As rents climb, developers large and small take out their calculators and dreams of wealth blossom: but no, this is not bubble.
The disastrous blowback from inflating housing bubbles is painfully obvious: as housing becomes unaffordable, households impoverish themselves to “get in now before it’s too late;” malinvestment (i.e. McMansions in the middle of nowhere) flourishes as housing becomes a speculative financial vehicle rather than shelter; retirement funds are sold designed-to-default mortgage-backed securities, and when the bubble finally pops, those lured into buying at the top are left underwater, owing more on their mortgage than their house is worth.
But there is one silver lining to housing bubbles: some of the money squandered in the speculative frenzy ends up rehabilitating old buildings or erecting new housing in useful locales.
Let’s not overstate this silver lining: a rational, productive set of financial policies would have directed capital into useful construction without the dubious aid of a speculative bubble. Every dollar wasted on a marginal-return housing investment (for example, a shoddy house with Chinese drywall that renders it cheaper to tear the house down than attempt to fix everything that’s wrong) is a dollar that could have gone into rehabbing a well-constructed building from a previous era or building shelter that will last 100 years with little maintenance.
But the euphoria and greed of the bubble mindset do serve one valuable purpose: rundown properties that would not attract any investment in more rational times are viewed as undiscovered gold mines in bubbles.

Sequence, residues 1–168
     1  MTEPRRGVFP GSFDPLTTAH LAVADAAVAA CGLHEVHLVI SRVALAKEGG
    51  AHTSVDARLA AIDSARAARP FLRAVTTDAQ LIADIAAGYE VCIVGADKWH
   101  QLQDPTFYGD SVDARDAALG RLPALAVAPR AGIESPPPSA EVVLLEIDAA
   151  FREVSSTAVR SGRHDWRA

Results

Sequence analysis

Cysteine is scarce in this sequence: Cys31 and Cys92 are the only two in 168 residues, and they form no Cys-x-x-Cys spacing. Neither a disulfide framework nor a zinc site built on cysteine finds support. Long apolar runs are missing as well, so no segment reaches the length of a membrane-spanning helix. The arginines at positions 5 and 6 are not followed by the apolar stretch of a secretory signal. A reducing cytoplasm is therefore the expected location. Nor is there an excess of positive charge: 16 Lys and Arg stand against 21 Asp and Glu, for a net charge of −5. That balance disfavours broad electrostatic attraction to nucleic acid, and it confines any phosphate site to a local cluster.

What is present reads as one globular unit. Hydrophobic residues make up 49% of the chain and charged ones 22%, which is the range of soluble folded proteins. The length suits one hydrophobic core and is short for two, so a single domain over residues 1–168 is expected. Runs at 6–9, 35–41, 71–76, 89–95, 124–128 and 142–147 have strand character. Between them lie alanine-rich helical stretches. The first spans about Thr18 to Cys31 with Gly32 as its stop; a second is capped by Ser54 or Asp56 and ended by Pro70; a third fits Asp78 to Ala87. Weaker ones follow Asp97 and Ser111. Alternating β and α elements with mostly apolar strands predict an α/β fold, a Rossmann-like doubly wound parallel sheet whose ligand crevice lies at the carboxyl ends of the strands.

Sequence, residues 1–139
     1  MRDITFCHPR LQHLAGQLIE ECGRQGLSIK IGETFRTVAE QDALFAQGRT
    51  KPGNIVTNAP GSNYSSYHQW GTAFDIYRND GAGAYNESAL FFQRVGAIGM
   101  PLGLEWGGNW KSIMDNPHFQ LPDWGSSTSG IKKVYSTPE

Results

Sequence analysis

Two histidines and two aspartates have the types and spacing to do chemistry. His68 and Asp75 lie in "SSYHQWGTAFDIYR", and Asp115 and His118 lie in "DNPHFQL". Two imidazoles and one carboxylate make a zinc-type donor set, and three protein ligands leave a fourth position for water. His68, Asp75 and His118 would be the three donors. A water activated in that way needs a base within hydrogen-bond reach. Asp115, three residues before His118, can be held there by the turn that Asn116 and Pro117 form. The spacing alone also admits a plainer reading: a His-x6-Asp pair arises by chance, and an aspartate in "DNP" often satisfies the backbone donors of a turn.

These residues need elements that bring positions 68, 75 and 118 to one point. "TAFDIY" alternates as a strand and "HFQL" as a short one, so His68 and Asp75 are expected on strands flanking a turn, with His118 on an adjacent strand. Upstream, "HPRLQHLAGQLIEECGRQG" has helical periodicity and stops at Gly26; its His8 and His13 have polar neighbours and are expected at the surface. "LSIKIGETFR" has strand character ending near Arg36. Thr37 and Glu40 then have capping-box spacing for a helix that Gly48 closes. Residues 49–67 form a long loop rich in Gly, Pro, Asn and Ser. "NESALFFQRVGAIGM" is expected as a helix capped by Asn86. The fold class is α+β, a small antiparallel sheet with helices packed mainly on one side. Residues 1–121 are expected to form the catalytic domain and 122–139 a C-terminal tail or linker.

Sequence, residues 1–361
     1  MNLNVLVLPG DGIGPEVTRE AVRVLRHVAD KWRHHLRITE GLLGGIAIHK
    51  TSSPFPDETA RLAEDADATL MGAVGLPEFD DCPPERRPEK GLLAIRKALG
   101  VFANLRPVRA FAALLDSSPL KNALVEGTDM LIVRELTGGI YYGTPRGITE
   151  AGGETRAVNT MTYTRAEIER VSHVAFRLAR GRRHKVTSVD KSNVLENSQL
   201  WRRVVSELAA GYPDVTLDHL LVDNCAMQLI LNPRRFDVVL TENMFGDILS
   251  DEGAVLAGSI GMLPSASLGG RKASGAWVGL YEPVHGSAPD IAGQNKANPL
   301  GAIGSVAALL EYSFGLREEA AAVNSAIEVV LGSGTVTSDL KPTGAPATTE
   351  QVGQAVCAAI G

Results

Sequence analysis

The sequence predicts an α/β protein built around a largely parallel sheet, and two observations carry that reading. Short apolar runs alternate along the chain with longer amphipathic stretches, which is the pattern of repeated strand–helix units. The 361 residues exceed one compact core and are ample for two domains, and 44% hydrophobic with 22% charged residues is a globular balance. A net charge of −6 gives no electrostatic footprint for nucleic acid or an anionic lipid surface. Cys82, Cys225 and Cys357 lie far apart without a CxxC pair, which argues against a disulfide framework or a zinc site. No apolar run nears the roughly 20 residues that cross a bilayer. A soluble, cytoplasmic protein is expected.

As rents climb, developers large and small take out their calculators and dreams of wealth blossom. This gold-rush mentality quickly spreads to forgotten areas such as small-town Main Streets and abandoned urban zones–for example the Mid-Market area in downtown San Francisco, a seedy stretch of Market Street that is being redeveloped at a furious pace. Decrepit storefronts are being torn down and thousands of new high-rise apartments and condos are being built in their stead.
The tens of thousands of well-paid techies who have flooded into the city in recent years have driven rents off the scale, and so developers of cubbyhole studios are rubbing their hands in anticipation of collecting $3,000 a month for each cubbyhole from Tech Bros earning $10,000 a month.
All bubbles eventually pop–not just in housing, but in tech employment, and every other bubble in which the participants are absolutely confident that the bubble is not a bubble and the good times will roll essentially forever.
Thus we can anticipate thousands of Tech Bros will lose their jobs when the current frenzy runs its course, just as we can anticipate developers with empty cubbyhole flats will be forced to lower the rents. Many will go broke and the buildings will be auctioned off for a fraction of their construction cost, and the new owners will be able to make a go of it at rents that are a fraction of the asking price in the Tech Bro glory days.
But the city and the future residents got new buildings that will provide shelter for decades, and that’s a good thing. As the massive speculative bubbles propping up the U.S. economy all pop, the value of those new and rehabbed buildings will plummet, along with rent and the price of condos. Andf that will be a good thing, too.
When will this unfold? Nobody knows. Bubbles are not entirely predictable phenomena; we can identify them easily enough–when every participant is sure it can’t be a bubble, that guarantees it is a bubble–but we cannot predict when the fever will break. We can only predict that all speculative bubbles will pop, and that the deflation will be commensurate to the trendline of the bubble’s ascent.
If we’re left with some renovated buildings and new shelter in practical locales, we can count our blessings.
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